Functional Atheism. Though he never formally employs those words, I was first introduced to the concept by Craig Groeshel in his book, The Christian Atheist: Believing in God But Living as If He Doesn’t Exist. (Here, Groeshel might have given words to the notion – helping me to formally title and acknowledge it in my life and living. Truth is, at deeper parts of my being, I “knew” it already. It was [and is] a part of my experience.)
As an aside, I can’t help but share words from Craig’s introduction – stirring for the ways they convey the topic, startling (in this day and time) for the ways he invokes the word “pandemic”:
“Hi, my name is Craig Groeschel, and I’m a Christian Atheist.
For as long as I can remember, I’ve believed in God, but I haven’t always lived like he exists. Today my Christian Atheism isn’t as large of a problem as it once was, but I still struggle with it. Like a recovering alcoholic careful never to take sobriety for granted, I have to take life one day at a time.
You might think it’s odd for a pastor to struggle with living like there is no God. However, in my corner of the world, Christian Atheism is a fast-spreading spiritual pandemic which can poison, sicken, and even kill… Yet Christian atheism is extremely difficult to recognize — especially by those who are infected. (Groeschel, p. 17)
Attending a Leadership Transformations workshop on “Spiritual Discernment” recently had me staring it in the eyes afresh. Workshop leader, David Wu, gave introduction to the day with two quotes—one from the Scriptures and one from a preferred text on the topic:
Trust God from the bottom of your heart;
don’t try to figure out everything on your own.
Listen for God’s voice in everything you do, everywhere you go;
he’s the one who will keep you on track.
Don’t assume that you know it all.
(Proverbs 3:5-7a, The Message)
God wants everyone to know God’s will. God doesn’t withhold grace, play games, or tease us to test our faithfulness or our worthiness to be trusted with divine insight. I am convinced that God is far more prone to human revelation than I am to divine encounter. God’s will is that you and I, everyone, and our faith communities should discern and act upon God’s will. (Danny Morris, Yearning to Know God’s Will, pp. 9f.)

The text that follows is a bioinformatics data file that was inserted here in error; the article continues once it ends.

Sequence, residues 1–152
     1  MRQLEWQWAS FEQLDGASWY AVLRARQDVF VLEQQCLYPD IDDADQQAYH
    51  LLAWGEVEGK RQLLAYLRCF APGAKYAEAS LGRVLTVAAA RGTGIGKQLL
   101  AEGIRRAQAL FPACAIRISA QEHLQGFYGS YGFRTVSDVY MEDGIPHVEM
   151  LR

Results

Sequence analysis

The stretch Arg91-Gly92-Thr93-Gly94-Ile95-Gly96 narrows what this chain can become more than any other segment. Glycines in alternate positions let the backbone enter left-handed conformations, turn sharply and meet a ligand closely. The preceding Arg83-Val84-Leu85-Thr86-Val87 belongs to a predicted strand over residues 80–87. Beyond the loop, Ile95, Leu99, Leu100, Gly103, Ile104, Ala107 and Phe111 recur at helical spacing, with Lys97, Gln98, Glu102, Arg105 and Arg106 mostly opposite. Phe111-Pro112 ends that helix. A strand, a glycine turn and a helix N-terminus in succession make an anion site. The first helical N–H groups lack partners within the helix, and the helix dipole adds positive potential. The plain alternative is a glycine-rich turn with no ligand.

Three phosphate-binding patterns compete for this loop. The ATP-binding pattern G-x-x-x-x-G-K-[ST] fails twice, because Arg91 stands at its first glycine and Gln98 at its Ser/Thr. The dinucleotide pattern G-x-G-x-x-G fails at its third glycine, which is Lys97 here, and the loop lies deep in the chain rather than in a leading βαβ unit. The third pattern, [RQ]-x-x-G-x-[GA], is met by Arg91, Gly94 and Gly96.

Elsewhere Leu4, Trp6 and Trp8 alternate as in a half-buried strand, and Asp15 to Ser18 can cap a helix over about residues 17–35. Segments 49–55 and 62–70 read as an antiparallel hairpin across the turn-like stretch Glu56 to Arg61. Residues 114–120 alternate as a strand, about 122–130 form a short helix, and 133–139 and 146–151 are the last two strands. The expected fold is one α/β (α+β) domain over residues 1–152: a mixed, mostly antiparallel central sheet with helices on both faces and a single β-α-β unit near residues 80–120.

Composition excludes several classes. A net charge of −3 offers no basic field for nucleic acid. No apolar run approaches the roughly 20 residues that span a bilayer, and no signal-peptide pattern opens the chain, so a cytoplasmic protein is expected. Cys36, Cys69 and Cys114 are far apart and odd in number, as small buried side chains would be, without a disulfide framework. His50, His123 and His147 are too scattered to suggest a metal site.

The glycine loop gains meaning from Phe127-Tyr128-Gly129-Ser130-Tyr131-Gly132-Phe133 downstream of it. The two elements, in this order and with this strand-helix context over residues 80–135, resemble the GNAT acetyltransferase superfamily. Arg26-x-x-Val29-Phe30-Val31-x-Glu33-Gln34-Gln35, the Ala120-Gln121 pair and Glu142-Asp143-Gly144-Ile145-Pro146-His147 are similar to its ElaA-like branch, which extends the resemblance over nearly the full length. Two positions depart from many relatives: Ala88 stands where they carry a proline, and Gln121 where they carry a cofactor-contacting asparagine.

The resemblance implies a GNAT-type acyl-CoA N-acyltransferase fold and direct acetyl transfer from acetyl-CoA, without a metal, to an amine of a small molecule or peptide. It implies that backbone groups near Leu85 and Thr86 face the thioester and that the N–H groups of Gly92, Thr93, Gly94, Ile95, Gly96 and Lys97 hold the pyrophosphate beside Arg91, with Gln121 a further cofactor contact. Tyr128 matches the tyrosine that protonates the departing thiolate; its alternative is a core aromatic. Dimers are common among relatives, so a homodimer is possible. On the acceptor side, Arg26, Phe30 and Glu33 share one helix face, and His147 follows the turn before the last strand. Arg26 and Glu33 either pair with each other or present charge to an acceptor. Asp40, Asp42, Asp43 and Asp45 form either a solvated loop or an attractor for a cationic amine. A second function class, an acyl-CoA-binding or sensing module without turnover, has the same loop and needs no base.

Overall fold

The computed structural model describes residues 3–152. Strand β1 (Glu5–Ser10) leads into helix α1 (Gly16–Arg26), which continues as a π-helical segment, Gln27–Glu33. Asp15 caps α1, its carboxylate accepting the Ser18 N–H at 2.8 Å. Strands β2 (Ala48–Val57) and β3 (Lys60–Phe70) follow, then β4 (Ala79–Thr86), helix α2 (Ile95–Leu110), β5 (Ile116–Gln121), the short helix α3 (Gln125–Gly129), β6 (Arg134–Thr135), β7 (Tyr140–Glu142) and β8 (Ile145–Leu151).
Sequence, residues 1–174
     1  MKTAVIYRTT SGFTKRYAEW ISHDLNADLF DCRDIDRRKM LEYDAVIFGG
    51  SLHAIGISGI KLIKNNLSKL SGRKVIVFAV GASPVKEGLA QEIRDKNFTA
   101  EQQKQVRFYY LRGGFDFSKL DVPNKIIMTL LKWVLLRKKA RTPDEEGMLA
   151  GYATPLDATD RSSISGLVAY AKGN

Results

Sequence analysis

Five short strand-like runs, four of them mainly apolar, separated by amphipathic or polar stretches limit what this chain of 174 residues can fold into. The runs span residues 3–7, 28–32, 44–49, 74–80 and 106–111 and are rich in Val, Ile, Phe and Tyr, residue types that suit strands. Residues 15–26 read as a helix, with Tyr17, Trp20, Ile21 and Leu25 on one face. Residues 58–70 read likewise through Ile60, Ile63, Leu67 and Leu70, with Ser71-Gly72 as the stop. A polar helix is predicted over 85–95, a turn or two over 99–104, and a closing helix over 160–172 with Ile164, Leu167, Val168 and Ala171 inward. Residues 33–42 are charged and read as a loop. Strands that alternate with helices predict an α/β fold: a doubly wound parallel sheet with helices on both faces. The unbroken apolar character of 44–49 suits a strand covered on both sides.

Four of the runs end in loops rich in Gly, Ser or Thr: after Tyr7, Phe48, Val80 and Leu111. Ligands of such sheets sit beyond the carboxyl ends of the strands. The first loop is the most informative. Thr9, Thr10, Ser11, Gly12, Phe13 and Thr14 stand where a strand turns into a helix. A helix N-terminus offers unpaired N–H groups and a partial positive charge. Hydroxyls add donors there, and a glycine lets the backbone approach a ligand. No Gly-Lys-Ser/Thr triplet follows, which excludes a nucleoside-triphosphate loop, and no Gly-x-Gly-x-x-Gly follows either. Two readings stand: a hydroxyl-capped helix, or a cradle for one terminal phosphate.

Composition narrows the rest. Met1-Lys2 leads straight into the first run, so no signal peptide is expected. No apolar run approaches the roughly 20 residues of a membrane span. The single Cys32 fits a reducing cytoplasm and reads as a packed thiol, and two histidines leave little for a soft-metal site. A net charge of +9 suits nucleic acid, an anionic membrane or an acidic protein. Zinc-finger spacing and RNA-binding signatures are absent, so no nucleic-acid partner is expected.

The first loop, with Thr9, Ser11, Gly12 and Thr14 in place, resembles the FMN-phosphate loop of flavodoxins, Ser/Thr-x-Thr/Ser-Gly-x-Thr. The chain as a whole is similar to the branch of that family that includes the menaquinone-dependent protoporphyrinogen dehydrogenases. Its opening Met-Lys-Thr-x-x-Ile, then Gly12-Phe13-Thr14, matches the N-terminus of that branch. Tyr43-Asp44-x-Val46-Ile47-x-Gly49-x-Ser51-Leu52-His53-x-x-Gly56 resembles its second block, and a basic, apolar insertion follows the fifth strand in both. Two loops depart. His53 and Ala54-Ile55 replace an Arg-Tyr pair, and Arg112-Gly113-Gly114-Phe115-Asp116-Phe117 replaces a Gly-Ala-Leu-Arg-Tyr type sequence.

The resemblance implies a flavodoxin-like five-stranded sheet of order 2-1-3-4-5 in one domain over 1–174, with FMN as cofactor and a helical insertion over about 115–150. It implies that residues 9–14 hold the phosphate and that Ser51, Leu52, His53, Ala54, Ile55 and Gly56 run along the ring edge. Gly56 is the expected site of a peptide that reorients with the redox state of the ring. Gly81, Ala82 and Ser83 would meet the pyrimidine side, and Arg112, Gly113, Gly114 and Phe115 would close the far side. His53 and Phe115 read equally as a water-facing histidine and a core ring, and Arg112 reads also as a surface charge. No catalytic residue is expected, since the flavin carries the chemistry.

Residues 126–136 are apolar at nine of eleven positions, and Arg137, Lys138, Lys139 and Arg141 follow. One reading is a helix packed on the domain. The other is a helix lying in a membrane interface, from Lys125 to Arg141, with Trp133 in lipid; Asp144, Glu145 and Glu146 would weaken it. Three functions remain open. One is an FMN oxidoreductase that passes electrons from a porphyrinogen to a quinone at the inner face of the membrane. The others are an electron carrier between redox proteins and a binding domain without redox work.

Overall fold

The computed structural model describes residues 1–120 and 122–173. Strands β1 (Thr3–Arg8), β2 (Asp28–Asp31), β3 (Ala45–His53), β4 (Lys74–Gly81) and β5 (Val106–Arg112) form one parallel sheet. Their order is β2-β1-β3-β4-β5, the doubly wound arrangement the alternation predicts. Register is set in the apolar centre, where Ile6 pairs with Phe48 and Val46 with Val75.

Hearing/reading those words –
really taking them in,
slowly and deeply…
trust God [with all your heart],
don’t try to figure everything out on you own,
listen for God’s voice in everything [and everywhere],
don’t assume you know it all,
God is far more prone to revelation,…
Yes, reading, hearing, taking those words in
has the prayer of the old soul coming
to heart and mind and voice in me:
“I believe. Help, Thou, my unbelief!” (Mark 9:24)
Being a perfectionist by nature
(and an often unhealthy “one,” at that)
can have me kicking myself–
stirring up all sorts of guilt and shame.
“Jim, you ought to trust more!”
“What a hypocrite!”
“How long have you been at this?”
“Surely, you should be a lot further along in this journey than you are!”
Yes, such are the voices inside—
to which I could give more and more attention.
to a stiller, small voice within.
It calls me
who and where and how I am…
and to be grateful
for the Divine
Who is not yet finished with any of us.